EU throws weight behind Pfizer-BioNTech and new technology

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European Commission President Ursula von der Leyen delivers a statement after a meeting of the college of commissioners at EU headquarters in Brussels, Wednesday, April 14, 2021. EU Commission chief Ursula von der Leyen announced plans Wednesday for a major contract extension for COVID-19 vaccines with Pfizer stretching to 2023. (John Thys, Pool via AP)

BRUSSELS – In a stinging rebuke to pharma giant AstraZeneca Wednesday, the European Union announced plans to negotiate a massive contract extension for Pfizer-BioNTech's COVID-19 vaccine insisting the 27-nation bloc had to go with companies that had shown their value in the pandemic.

“We need to focus on technologies that have proven their worth,” said EU Commission President Ursula von der Leyen. She also announced that America's Pfizer and Germany's BioNTech would provide the EU with an extra 50 million doses in the 2nd quarter of this year, making up for faltering deliveries of AstraZeneca.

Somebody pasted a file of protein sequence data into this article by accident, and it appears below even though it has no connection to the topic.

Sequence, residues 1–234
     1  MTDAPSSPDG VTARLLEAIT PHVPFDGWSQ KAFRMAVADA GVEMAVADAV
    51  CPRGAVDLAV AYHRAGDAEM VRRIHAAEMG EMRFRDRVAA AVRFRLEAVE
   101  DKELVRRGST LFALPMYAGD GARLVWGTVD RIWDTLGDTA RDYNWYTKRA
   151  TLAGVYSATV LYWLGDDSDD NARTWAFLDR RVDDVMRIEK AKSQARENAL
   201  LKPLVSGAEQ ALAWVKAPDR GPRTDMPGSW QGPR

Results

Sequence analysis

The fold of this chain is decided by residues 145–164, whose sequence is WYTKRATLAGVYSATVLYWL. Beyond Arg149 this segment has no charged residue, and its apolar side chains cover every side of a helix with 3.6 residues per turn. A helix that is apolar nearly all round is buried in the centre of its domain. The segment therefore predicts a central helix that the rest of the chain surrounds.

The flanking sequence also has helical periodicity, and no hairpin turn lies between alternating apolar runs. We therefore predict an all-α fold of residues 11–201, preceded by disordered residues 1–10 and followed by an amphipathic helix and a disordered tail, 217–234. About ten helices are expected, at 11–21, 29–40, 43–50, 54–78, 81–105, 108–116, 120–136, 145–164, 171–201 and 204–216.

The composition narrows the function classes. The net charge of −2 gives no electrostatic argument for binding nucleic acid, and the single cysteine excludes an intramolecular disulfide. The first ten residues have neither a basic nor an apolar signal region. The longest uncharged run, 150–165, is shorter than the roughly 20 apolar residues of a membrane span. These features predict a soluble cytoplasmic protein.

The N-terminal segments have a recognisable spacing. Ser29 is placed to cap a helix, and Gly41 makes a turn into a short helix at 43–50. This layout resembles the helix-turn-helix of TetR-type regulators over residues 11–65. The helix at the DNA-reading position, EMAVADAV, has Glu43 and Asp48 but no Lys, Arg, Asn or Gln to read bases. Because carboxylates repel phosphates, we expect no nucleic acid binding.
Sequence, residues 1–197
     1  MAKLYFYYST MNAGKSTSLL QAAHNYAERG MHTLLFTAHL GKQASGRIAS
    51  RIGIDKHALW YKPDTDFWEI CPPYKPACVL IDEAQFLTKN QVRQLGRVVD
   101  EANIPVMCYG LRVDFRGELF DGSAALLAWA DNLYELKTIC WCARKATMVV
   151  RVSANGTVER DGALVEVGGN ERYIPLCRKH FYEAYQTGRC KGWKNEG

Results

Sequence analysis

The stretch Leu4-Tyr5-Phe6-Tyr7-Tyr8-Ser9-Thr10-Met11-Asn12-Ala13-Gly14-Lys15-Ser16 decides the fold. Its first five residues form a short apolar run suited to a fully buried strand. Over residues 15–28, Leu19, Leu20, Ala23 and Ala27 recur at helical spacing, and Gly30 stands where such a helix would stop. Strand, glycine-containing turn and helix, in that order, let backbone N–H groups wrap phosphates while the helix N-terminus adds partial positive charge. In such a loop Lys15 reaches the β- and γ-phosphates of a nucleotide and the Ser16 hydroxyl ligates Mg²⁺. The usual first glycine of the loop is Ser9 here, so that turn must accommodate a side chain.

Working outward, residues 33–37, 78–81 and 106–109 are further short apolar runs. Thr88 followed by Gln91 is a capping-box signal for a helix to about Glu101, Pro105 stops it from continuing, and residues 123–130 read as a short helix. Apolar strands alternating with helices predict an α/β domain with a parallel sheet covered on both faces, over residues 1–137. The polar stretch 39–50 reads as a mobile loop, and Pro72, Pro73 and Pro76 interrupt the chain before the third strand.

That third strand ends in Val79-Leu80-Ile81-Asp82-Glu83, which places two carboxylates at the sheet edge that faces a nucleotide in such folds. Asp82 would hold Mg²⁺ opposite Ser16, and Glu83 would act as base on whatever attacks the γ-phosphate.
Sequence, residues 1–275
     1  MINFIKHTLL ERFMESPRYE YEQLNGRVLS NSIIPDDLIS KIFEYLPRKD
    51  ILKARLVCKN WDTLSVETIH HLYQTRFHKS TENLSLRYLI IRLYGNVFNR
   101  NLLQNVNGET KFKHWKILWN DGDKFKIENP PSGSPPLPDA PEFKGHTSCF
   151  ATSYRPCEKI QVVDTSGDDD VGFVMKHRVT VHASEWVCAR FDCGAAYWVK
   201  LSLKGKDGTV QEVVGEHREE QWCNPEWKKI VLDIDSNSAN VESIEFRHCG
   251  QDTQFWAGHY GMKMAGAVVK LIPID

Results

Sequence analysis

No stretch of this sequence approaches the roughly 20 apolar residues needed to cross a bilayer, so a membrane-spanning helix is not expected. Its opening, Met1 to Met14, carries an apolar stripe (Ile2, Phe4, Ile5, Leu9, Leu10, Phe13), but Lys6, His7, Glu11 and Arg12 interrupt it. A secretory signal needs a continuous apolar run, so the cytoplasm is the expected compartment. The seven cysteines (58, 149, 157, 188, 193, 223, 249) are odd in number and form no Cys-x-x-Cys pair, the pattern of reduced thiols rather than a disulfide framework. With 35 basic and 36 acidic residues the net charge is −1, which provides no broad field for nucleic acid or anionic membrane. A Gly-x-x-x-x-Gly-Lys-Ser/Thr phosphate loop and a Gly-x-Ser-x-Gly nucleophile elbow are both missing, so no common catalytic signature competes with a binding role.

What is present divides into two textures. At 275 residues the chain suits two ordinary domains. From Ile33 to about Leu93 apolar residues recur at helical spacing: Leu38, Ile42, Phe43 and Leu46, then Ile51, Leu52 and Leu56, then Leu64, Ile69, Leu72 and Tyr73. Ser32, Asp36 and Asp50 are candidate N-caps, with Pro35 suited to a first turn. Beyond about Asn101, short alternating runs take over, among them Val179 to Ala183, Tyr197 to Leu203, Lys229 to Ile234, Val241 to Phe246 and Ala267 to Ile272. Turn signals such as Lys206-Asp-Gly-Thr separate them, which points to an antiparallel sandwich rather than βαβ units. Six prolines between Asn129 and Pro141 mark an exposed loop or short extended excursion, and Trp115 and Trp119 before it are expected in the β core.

In contrast to the oft-criticized Anglo-Swedish company, von der Leyen said Pfizer-BioNTech “has proven to be a reliable partner. It has delivered on its commitments, and it is responsive to our needs. This is to the immediate benefit of EU citizens.”

Exacerbating the problems for AstraZeneca, Denmark decided Wednesday not to resume use of its vaccine, after putting it on hold last month following reports of rare blood clots in some recipients. The bulk of the shots given in the Scandinavian country so far have been the Pfizer-BioNTech vaccine.

The Johnson & Johnson jab, which uses the same base technology as AstraZeneca, hit a snag this week when U.S. regulators recommended a “pause” in administering Johnson & Johnson shots. Deliveries in the EU have been suspended.

AstraZeneca was supposed to be the workhorse of the EU's vaccine drive this year — a cheap and easy-to-transport shot to break the pandemic's back. Yet, the EU said that out of 120 million doses promised for the 1st quarter, only 30 million were delivered, and, of the 180 million expected, now there are only 70 million set for delivery in the 2nd quarter.

Because of that shortfall, the EU has come under crushing pressure as, even though it it is a major producer and exporter of vaccines, it cannot get its vaccinations even close to the levels of the United Kingdom and the United States.

The Our World in Data site said 47.5% of people in the U.K. have received at least one dose of COVID-19 vaccine, compared to 36.6% in the U.S. and 16.4% in the EU.